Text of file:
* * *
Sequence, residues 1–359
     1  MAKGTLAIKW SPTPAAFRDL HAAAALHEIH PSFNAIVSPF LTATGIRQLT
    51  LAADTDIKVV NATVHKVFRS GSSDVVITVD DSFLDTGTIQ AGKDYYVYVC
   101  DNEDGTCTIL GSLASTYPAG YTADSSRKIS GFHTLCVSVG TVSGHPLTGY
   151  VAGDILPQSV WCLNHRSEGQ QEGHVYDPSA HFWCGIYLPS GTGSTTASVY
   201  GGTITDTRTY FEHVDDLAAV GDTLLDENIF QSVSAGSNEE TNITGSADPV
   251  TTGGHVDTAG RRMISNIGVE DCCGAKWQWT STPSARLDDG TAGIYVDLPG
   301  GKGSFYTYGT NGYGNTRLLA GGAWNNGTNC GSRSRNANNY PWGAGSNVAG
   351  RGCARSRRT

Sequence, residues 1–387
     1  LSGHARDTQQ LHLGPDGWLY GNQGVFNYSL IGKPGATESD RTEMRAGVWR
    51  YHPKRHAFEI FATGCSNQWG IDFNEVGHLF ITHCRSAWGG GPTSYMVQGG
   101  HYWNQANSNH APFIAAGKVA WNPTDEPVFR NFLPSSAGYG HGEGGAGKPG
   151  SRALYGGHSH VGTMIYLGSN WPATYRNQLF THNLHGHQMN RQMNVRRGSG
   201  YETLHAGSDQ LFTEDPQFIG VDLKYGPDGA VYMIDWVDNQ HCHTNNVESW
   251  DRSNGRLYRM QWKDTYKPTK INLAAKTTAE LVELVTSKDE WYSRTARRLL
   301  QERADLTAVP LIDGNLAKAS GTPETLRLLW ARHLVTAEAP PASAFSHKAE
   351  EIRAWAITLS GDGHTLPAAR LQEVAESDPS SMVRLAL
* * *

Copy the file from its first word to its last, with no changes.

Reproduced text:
Sequence, residues 1–359
     1  MAKGTLAIKW SPTPAAFRDL HAAAALHEIH PSFNAIVSPF LTATGIRQLT
    51  LAADTDIKVV NATVHKVFRS GSSDVVITVD DSFLDTGTIQ AGKDYYVYVC
   101  DNEDGTCTIL GSLASTYPAG YTADSSRKIS GFHTLCVSVG TVSGHPLTGY
   151  VAGDILPQSV WCLNHRSEGQ QEGHVYDPSA HFWCGIYLPS GTGSTTASVY
   201  GGTITDTRTY FEHVDDLAAV GDTLLDENIF QSVSAGSNEE TNITGSADPV
   251  TTGGHVDTAG RRMISNIGVE DCCGAKWQWT STPSARLDDG TAGIYVDLPG
   301  GKGSFYTYGT NGYGNTRLLA GGAWNNGTNC GSRSRNANNY PWGAGSNVAG
   351  RGCARSRRT

Sequence, residues 1–387
     1  LSGHARDTQQ LHLGPDGWLY GNQGVFNYSL IGKPGATESD RTEMRAGVWR
    51  YHPKRHAFEI FATGCSNQWG IDFNEVGHLF ITHCRSAWGG GPTSYMVQGG
   101  HYWNQANSNH APFIAAGKVA WNPTDEPVFR NFLPSSAGYG HGEGGAGKPG
   151  SRALYGGHSH VGTMIYLGSN WPATYRNQLF THNLHGHQMN RQMNVRRGSG
   201  YETLHAGSDQ LFTEDPQFIG VDLKYGPDGA VYMIDWVDNQ HCHTNNVESW
   251  DRSNGRLYRM QWKDTYKPTK INLAAKTTAE LVELVTSKDE WYSRTARRLL
   301  QERADLTAVP LIDGNLAKAS GTPETLRLLW ARHLVTAEAP PASAFSHKAE
   351  EIRAWAITLS GDGHTLPAAR LQEVAESDPS SMVRLAL